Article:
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Media company gets $5 million deal with Orr

Hiram Jackson

Hiram Jackson

By Zenobia Jeffries
The Michigan Citizen

DETROIT — Emergency Manager Kevyn Orr gave $5 million to local media group, Real Times Media. The two contracts were approved for the week of Aug. 12 by Orr, while city council was at recess.

Real Times Media is the parent company of the Michigan Chronicle, Chicago Defender, Pittsburgh Courier among several other media properties.

The contracts were brought to the city council table Sept. 3 — not for council approval, but for their information.

Councilwoman Joann Watson found the contracts “stunning.”

“I have consistently been one who has supported businesses that reflect the demographics of the city residents but I did not see this coming and did not know when it got bid,” says Watson. “It’s not transparent, which concerns me.”

“Certainly it would seem curious,” says Wayne State University head of journalism Jack Lessenberry.  “This should be a bid or transparent with the public on how this particular vendor was chosen.”

Real Times Media was awarded a $4.1 million media advertising contract, and a $900,000 contract to “provide financial assistance for construction, renovation and rehabilitation” to Paradise Valley Real Estate Holdings, which will lease office space to Real Times Media.

In February, according to the Michigan Chronicle, Real Times announced it is moving head quarters to 1452 Randolph in Harmonie Park — the old Dell Pryor Gallery. The new 18,000 square foot project will, at least partially, be funded by federal dollars, at the approval of EM Orr.

According to the Michigan Chronicle, Paradise Valley Real Estate Holdings is made up of a group of African American investors and Hiram Jackson, the holding company’s resident agent, who is also publisher of the Chronicle.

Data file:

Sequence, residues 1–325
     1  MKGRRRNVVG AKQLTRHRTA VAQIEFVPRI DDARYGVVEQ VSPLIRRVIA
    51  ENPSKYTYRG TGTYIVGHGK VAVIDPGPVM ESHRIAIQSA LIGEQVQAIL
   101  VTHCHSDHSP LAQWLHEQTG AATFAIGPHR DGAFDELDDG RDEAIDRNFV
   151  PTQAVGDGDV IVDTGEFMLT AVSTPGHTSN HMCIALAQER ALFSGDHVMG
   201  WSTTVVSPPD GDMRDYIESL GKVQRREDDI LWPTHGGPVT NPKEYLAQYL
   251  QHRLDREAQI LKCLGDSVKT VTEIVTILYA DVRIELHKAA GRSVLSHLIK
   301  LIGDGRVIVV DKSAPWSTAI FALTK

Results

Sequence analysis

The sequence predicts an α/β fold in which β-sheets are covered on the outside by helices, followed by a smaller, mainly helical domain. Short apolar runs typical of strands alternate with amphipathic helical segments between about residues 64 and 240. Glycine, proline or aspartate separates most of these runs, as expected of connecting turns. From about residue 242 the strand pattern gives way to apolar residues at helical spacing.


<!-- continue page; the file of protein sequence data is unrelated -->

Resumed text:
The $4.1 million contract, if fully executed, could mean the city could buy multiple pages of advertisements every week in the Michigan Chronicle for the full year.  It is not clear what type of messaging Orr or the city plans to do with the newspaper.

The $4.1 million would represent a significant revenue boost for the weekly publication. According to a pension board proposal in 2006, Real Times Media’s total sales was $9.8 million for all of its media properties, including the Michigan Chronicle, Chicago Defender and Pittsburg Courier.

This is not the first time Real Times Media or publisher Hiram Jackson have received public money. During Kwame Kilpatrick’s administration, in 2007, Real Times media received $7.5 million from the General Retirement System (GRS). At the time, the pension fund invested in the media property’s project which had an estimated market value of zero dollars, according to GRS reports.

In 2001, Jackson also took on a $24 million contract with the Detroit Public Schools which was never completed. Jackson and GlobalView Technologies, which bought Clover Technologies was to wire the schools with fiber-optic cable to ready the buildings for the technology of the time.  As reported by the Michigan Citizen in Sept. 2004, Clover Technologies went bankrupt before it completed the federally-funded DPS contract for the installation of voice, data and video systems in classrooms and offices.

Some question if the multi-million dollar advertising contract will impact coverage of the African American-focused weekly. Gov. Rick Snyder and EM Orr have both been publicly criticized by the Detroit NAACP, unions and community stakeholders for their use of emergency manager policy in Black cities and public entities. EM policy has disenfranchised half of the state’s Black population.

When the community spoke out against EM Kevyn Orr who told the Wall Street Journal Detroiters are “dumb, rich and lazy,” the Michigan Chronicle ran the emergency manager’s full apology.

“To render a full unabated atonement and to explain himself, Orr reached out to Bankole Thompson, editor of the Michigan Chronicle, on his cell, the result of which led to a visit by Orr, in what turned out to be a penetrating, thought-provoking interview that made his positions clear,” reads the introduction of the front-page interview with Orr.

Calls to Council President Saunteel Jenkins and member James Tate were not returned by press time.

Spokesperson for EM Orr, Bill Nowling, did not respond to multiple media inquiries.

 

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